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Levels of homocysteine are increased in metabolic syndrome patients but are not associated with an increased cardiovascular risk, in contrast to patients without the metabolic syndrome


Aim: The metabolic syndrome is associated with increased cardiovascular risk. Elevated plasma homocysteine may cause or result from insulin resistance, and may indicate vascular risk or be actively involved in atherogenesis. The aim of the study was to investigate the relationship between homocysteine, the metabolic syndrome and the incidence of cardiovascular events in patients with manifest vascular disease.

Methods: A cohort of 2169 patients with manifest vascular disease was followed for a mean period of 2.8 years. Plasma homocysteine was measured at baseline. Metabolic syndrome was defined by NCEP criteria.

Results: Homocysteine levels were higher in metabolic syndrome patients compared to patients without the metabolic syndrome (14.9±0.2 v 14.1±0.2 μmol/l; p = 0.002) and increased with the presence of its components (from 0 to 5) (12.7 to 15.9 μmol/l; p<0.001). During follow-up, 52 strokes, 67 myocardial infarctions, 5 fatal ruptures of aortic aneurysms and 53 vascular deaths occurred. Patients without the metabolic syndrome and homocysteine levels in the highest tertile had increased risk for events (HR 1.9; 95% CI 1.0 to 3.5) compared to patients without the metabolic syndrome and homocysteine levels in the lowest tertile. The presence of the metabolic syndrome increased the risk (HR 2.2; 95% CI 1.2 to 4.2), but elevated homocysteine levels further increased the risk only marginally (2.5; 95% CI 1.4 to 4.6).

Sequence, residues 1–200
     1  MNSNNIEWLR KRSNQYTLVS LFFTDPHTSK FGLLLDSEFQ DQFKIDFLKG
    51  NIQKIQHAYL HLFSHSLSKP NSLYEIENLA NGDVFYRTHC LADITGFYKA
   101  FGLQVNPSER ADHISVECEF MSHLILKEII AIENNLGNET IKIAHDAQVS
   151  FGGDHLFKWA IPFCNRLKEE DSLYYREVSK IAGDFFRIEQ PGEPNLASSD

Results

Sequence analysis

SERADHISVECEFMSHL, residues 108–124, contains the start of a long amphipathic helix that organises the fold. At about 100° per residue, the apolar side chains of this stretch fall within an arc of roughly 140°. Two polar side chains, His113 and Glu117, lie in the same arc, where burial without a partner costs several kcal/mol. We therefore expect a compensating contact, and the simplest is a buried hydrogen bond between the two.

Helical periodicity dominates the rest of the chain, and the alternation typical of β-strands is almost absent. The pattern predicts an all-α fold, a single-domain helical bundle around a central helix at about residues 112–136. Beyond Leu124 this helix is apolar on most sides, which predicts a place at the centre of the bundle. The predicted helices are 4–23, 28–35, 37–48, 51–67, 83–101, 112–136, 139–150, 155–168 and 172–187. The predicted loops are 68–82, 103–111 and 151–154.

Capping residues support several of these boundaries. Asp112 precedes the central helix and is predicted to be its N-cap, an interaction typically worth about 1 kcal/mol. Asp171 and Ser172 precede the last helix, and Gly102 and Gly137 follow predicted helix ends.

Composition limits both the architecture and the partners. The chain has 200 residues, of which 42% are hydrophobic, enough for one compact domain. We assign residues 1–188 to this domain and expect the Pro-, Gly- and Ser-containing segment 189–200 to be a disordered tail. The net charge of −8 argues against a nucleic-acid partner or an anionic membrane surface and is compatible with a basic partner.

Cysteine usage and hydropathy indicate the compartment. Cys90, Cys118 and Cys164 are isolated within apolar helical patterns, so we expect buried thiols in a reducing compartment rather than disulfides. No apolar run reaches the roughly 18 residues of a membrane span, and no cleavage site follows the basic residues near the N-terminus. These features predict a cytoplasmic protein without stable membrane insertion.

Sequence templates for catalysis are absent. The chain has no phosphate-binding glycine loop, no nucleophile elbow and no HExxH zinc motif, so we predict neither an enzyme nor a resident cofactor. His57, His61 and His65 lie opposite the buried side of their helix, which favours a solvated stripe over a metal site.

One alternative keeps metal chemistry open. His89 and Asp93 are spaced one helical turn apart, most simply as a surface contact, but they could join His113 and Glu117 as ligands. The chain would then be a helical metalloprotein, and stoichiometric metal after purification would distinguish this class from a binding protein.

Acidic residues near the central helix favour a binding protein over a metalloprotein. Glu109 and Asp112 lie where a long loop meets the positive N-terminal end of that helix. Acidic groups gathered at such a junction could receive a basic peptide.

Conclusions: Metabolic syndrome patients have elevated homocysteine levels, but these higher levels are not associated with an increased risk for new cardiovascular events. In contrast, elevated homocysteine levels confer increased risk in patients without the metabolic syndrome.

  • 95% CI, 95% confidence intervals
  • HR, hazard ratio
  • SD, standard deviation
  • cardiovascular disease
  • homocysteine
  • metabolic syndrome

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